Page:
The error of the Swanenburch atelier lay in the fact that quiet folks are not necessarily stupid. It is doubtless true, however, that stupid men by remaining quiet may often pass for men of wisdom: this is because no man can really talk as wisely as he can look.

Young Rembrandt was handicapped by a full-moon face, and small gray eyes that gave no glint, and his hair was so tousled and unruly that he could not wear a hat.

So the sons of aristocrats who cracked sly jokes at the miller's boy had their fun.

Rembrandt usually came in late, after the master had begun his little morning lecture. The lad was barefoot, having left his wooden shoon in the hallway "so as not to wear out the floor." He would bow awkwardly to the professor, fall over a chair or two that had been slyly pushed in his way, and taking his seat chew the butt end of a brush.

"Why are you always late?" asked the master one day.

"Oh, I was working at home and forgot the time."

"And what are you working at?"

"Me? I'm—I'm drawing a little," and he colored vermilion to the back of his neck.

"Well, bring your work here so we can profit by it," exclaimed a joker, and the class guffawed.

The next morning the lad brought his picture—a woman's face—a picture of a face, homely, wrinkled, weather-beaten, but with a look of love and patience and loyalty beaming out of the quiet eyes.

"Who did this?" demanded the teacher.

Rembrandt hesitated, stuttered, stammered, and then confessed that he did it himself—he could not tell a lie.

He was sure the picture would be criticized and ridiculed, but he had decided to face it out. It was a picture of his mother, and he had sketched her just as she looked. He would let them laugh, and then at noon he would wait outside the door and smash the boy who laughed loudest over the head with a wooden shoe—and let it go at that.

But the scholars did not laugh, for Jacob van Swanenburch took the boy by the hand and leading him out before the class told those young men to look upon their master.

From that time forth Rembrandt was regarded by the little art world of Leyden as a prodigy.

Like William Cullen Bryant, who wrote "Thanatopsis" when scarcely eighteen, and writing for sixty years thereafter never equaled it, or Dante Gabriel Rossetti, who wrote "The Blessed Damozel" at the same age, Rembrandt sprang into life full-armed.

It is probably true that he could not then have produced an elaborate composition, but his faces were Rembrandtesque from the very first.

Rembrandt is the king of light and shade. You never mistake his work. As the years passed, around him clustered a goodly company of pupils, hundreds in all, who diligently worked to catch the trick, but Rembrandt stands alone. "He is the only artist who could ever paint a wrinkle," says Ruskin. All his portraits have the warts on. And the thought has often come to me that only a Rembrandt—the only Rembrandt—could have portrayed the face of Lincoln. Plain, homely, awkward, eyes not mates, sunken cheeks, leathery skin, moles, uncombed hair, neckcloth askew; but over and above and beyond all a look of power—and the soul! that look of haunting sorrow and the great, gentle, compassionate soul within!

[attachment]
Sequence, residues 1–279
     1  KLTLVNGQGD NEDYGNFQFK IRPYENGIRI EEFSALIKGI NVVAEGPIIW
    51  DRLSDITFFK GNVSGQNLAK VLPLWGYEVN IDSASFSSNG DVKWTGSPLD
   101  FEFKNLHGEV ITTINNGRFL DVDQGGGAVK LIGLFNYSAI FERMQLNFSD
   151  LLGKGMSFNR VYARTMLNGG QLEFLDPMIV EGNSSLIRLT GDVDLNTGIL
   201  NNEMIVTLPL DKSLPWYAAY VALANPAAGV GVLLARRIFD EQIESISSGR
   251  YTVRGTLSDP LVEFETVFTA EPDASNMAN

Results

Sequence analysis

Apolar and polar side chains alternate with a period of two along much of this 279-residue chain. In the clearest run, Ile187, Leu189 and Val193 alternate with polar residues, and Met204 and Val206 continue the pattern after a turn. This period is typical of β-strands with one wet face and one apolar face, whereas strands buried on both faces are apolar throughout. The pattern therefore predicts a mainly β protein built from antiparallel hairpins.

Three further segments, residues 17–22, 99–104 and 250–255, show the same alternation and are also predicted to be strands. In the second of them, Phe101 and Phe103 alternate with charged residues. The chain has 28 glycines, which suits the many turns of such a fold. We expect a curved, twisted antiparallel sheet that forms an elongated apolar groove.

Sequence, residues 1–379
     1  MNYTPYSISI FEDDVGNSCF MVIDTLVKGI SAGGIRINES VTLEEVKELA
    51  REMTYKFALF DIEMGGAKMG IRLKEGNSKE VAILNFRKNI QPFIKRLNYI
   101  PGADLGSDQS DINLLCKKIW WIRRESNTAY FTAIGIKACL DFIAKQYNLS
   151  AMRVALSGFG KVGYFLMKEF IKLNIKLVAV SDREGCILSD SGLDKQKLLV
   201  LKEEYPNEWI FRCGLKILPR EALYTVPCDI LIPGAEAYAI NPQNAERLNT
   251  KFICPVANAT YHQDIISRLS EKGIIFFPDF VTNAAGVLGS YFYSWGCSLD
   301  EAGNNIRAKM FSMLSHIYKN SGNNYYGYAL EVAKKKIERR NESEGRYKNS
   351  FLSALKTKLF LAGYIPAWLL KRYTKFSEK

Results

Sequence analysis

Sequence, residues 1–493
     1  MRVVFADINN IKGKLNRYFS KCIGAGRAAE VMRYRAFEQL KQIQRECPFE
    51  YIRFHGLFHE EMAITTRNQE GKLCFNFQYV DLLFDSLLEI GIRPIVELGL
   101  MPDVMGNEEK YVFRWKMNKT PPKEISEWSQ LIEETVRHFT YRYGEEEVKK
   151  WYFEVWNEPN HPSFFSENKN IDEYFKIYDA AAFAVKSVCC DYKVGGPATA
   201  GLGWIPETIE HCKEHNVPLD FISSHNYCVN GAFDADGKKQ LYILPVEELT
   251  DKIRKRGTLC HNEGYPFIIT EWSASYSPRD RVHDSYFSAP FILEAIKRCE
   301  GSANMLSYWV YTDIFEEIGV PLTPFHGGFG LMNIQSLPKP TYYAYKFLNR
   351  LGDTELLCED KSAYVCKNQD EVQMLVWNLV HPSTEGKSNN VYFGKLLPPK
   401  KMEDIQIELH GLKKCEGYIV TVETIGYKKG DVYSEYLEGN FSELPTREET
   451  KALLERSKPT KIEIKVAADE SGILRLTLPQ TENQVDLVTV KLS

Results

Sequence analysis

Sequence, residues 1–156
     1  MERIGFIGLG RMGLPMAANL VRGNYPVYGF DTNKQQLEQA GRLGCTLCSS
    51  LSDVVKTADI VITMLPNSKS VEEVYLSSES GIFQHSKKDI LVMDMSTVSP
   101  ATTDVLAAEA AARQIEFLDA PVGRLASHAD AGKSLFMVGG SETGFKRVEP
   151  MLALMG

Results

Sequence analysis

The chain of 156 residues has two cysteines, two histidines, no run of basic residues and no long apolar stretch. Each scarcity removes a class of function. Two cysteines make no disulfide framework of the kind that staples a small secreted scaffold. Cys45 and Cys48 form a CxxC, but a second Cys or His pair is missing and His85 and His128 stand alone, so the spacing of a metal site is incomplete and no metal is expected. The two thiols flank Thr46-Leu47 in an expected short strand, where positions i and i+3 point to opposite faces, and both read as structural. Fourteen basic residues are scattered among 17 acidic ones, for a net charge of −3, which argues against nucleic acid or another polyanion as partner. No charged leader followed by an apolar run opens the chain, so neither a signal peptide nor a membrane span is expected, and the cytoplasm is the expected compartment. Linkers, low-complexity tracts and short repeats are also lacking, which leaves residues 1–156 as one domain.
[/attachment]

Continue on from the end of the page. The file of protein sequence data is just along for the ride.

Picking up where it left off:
And so there is a picture of Rembrandt's mother which this son painted that must ever stand out as one of the world's masterpieces. Let who will, declare that the portrait by Richter in the Gallery at Cologne, of Queen Louise, is the handsomest portrait ever painted; yet the depth of feeling, the dignity and love in the homely old mother's face, pale not in comparison, but are things to which the proud and beautiful Queen herself paid homage.

Rembrandt painted nearly a hundred pictures of his mother that we can trace. In most of them she holds in her hands a little Bible, and thus did the son pay tribute to her devoted piety. She was a model of which he never tired. He painted her in court dress, and various other fantastic garbs, that she surely never wore. He painted her as a nun, as a queen, a court beauty, a plain peasant, a musician; and in various large pictures her face and form are introduced. And most of these pictures of his mother are plainly signed with his monogram. He also painted his sister as the Madonna, and this is signed; but although he doubtless painted his father's face, yet he did not sign such pictures, so their authenticity is a hazard. This fact gives a clue to his affections which each can work out for himself.

Rembrandt remained with Swanenburch for three years, and the master proved his faithful friend. He gave him an introduction into the aristocratic art world which otherwise might have barred its doors against so profound a genius, as aristocracy has done time and again.

The best artists are not necessarily the best teachers. If a man has too much skill along a certain line he will overpower and kill the individuality in his pupil. There are teachers who smother a pupil with their own personality, and thus it often happens that the strongest men are not the most useful as instructors. The ideal teacher is not the one who bends all minds to match his own; but the one who is able to bring out and develop the good that is in the pupil—him we will crown with laurel.